Revenge has always been good fodder for TV and film plots because of the whole “best served cold” axiom; the story can span decades, and the person getting revenge can spring their plan when and where the targets least expect it. In a new Korean drama, a woman executes her complicated plan to get back at her high school tormentors, eighteen years after the fact.


Opening Shot: We see a woman driving a car from the back seat, where it looks like there are boxes and crates.

The Gist: The woman, Moon Dong-eun (Song Hye-kyo), is moving into a new apartment in Seoul, having been away for a number of years. We see her stapling pictures of Park Yeon-jin (Lim Ji-yeon), a well-known weather forecaster, to her wall. There are multiple, large burn scars on her arms and shoulders. She imagines Yeom-jin walking in and criticizing her collage, and Dong-eun bashing her in the face with the stapler.

We flash back 18 years, to the summer of 2004. Dong-eun (Jung Ji-so) and Yeon-jin (Shin Ye-eun) are seniors in high school, and Yeon-jin is the ringleader of a group of popular students who have been bullying Dong-eun. The other members of the group are Jeon Jae-joon (Song Byeong-geun), Choi Hye-jeong (Song Ji-woo), Lee Sa-ra (Bae Kang-hee) and Son Myeong-o (Seo Woo-hyuk).

The group doesn’t just make fun of Dong-eun, they’re cruel and violent. After an incident where Dong-eun got the police involved, she’s forced into the gym and Yeon-jin has her “test” her curling iron. What that means is that she presses the iron on Dong-eun’s arms, causing scarring, bleeding burns, while the rest of the group laughs. At this point, Dong-eun feels that she can’t rely on anyone to help, given the influence Yeon-jin’s mother has on the school and community. So when the nurse asks Dong-eun who hurt her, Yeon-jin, hiding from class in the nurse’s office, gladly says it’s her.

Back in 2022, Dong-eun encounters Yeon-jin’s daughter in the school yard, and talks to her a little bit about how she thinks about the kid’s mom every day. “Some hatred looks like longing,” she tells the kid. Why is Dong-eun there? That’s part of her elaborate plan to get revenge on each and every one of her tormentors.

In 2004, after the group comes to her flat in a dilapidated building and tortures her all over again, Dong-eun decides to drop out of school, citing the entire group’s violence as the reason. That leads to her chagrined homeroom teacher beating on her in the school office, which leads Yeon-jin’s mother to offer Dong-eun’s mom a monetary settlement if she signs off on a form saying her daughter was “maladjusted.” Soon after getting the money, her mom moves and leaves Dong-eun on her own.

Dong-eun then heads back to the gym to tell Yeon-jin that “my dream is you,” meaning revenge will be on her mind at all times. Years go by, and Dong-eun gets her GED and goes to college. But her scars won’t let her forget what Yeon-jin and company did to her.

The Glory
Photo: Graphyoda/Netflix

What Shows Will It Remind You Of? The Glory feels like a darker, more brooding take on Kill Bill.

Our Take: One of the things that struck us when we watched the first episode of The Glory is that what happened to Moon Dong-eun was more than just bullying, it was out-and-out assault. It’s pretty extreme to see that, eighteen years after the fact, the scars inflicted by Yeon-jin and company — mental and physical — were deep and permanent, and that they completely got away with it.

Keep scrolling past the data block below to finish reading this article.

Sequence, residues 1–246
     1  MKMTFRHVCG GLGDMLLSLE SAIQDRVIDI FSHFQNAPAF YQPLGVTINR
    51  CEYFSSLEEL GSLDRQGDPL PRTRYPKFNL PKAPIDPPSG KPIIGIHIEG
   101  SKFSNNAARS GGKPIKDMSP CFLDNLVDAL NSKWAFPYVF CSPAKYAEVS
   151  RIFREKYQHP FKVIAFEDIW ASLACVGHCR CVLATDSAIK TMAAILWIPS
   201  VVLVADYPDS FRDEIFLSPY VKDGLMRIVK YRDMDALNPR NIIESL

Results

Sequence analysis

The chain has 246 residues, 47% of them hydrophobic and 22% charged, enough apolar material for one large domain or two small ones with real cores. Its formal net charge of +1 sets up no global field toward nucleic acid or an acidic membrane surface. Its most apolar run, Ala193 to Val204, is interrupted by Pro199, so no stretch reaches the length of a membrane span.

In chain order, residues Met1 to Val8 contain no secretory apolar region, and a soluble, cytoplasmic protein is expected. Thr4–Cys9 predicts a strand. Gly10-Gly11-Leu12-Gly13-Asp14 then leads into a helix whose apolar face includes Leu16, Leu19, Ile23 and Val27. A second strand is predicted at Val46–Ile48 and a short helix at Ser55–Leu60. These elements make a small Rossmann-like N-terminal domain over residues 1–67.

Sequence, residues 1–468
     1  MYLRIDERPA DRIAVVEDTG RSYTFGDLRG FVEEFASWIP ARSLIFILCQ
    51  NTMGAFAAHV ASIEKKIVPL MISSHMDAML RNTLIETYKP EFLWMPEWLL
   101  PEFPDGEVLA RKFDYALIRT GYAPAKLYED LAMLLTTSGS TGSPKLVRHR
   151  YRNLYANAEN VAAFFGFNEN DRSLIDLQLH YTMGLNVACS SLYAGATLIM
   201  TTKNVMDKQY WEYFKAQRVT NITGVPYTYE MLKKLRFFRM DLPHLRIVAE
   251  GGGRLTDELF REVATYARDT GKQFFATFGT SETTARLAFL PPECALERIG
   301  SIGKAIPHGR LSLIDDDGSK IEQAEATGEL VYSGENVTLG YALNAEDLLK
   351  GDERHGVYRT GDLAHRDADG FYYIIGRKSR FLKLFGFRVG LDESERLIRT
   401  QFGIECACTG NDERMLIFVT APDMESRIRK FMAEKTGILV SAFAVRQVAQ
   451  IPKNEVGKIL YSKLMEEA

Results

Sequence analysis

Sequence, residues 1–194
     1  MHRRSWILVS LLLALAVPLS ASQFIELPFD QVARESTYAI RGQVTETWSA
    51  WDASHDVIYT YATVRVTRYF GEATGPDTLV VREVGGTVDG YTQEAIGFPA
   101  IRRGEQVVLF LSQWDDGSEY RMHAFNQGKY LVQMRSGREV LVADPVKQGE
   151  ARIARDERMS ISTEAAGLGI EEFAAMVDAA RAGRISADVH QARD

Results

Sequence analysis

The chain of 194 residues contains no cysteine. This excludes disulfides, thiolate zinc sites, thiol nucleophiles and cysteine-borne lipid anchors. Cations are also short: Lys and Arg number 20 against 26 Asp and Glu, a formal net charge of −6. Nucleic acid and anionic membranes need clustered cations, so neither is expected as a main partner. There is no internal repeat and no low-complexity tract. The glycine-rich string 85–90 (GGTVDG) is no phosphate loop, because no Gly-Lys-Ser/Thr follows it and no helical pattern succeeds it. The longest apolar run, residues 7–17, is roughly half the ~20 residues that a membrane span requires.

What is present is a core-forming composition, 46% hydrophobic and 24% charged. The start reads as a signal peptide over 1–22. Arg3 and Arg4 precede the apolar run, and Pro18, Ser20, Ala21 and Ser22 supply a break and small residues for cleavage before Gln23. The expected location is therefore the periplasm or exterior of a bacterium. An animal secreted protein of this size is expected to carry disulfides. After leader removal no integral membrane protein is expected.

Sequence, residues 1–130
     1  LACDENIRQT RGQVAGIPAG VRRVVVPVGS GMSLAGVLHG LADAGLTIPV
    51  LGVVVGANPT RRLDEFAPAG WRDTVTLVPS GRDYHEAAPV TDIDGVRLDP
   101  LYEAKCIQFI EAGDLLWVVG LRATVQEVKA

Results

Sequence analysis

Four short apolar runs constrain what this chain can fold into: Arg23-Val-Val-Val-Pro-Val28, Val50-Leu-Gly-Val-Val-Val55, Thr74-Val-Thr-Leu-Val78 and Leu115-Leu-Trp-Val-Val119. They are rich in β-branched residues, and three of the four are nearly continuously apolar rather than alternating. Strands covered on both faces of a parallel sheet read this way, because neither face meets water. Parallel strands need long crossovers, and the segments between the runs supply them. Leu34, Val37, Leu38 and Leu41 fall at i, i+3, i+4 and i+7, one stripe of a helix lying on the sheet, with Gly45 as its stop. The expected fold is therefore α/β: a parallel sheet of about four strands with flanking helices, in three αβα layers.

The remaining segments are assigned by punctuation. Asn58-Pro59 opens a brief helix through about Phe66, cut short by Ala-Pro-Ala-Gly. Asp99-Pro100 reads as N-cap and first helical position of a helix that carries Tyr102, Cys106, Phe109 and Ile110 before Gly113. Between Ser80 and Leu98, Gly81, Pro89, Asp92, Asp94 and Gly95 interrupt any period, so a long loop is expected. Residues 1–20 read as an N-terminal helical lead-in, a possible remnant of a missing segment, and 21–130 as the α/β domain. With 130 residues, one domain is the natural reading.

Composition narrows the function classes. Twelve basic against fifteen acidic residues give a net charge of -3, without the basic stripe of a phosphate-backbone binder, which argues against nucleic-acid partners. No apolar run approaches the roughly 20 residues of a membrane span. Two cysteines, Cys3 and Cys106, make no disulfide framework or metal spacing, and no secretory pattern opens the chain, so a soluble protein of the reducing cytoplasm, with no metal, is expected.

Writer Kim Eun-sook wants viewers to be shocked by just what Moon Dong-eun went through in order to buy into her complex revenge plan. We need to buy into the fact that Dong-eun has made it her life’s purpose to get this revenge, even if it seems unrealistic that her tormentors would be able to get away with literally disfiguring someone right under the school administration’s eyes.

There are class issues at play here; Yeon-jin’s mother is pretty cruel to her while being able to buy or otherwise influence away all of her daughter’s bad deeds, while Dong-eun lives in a slum with parents who find her to be more of a problem than anything else. That’s really the only background we get about the rivals, at least in the first episode, but that’s enough. Dong-eun pulled herself up from pretty desperate circumstances, fueled by the thought of revenge, but that grim upbringing is part of what drives her, too.

Despite the lack of details, The Glory works as a revenge story because you’re immediately drawn to Dong-eun and want to see her get back at those that scarred her for life. But we hope that there will also be more nuance to Yeon-jin and some of the other tormentors, as well. Will they have changed enough for Dong-eun to have second thoughts? Or will they just be adult versions of the bullies they were in high school? Should be interesting to see that play out.

Sex and Skin: None in the first episode.

Parting Shot: Dong-eun stares at the photos she stapled on the wall of her new flat, and we hear her in voice over say that “an eye for an eye” sounds “too fair to me.”

Sleeper Star: Shin Ye-eun as young Yeon-jin does a good job of showing how the bully is someone who tends to get bullied in their own lives.

Most Pilot-y Line: Dong-eun’s homeroom teacher, who is her guardian, gets her from the police station and says, “You came here with your fucking uniform on? And you called the police over a little prank between friends?” Way to be understanding, dude.

Our Call: STREAM IT. The Glory is dark as hell, but it sets up the situation well in the first episode, giving viewers a view of just why Dong-eun has had revenge on her mind for so many years.

Joel Keller (@joelkeller) writes about food, entertainment, parenting and tech, but he doesn’t kid himself: he’s a TV junkie. His writing has appeared in the New York Times, Slate, Salon,,, Fast Company and elsewhere.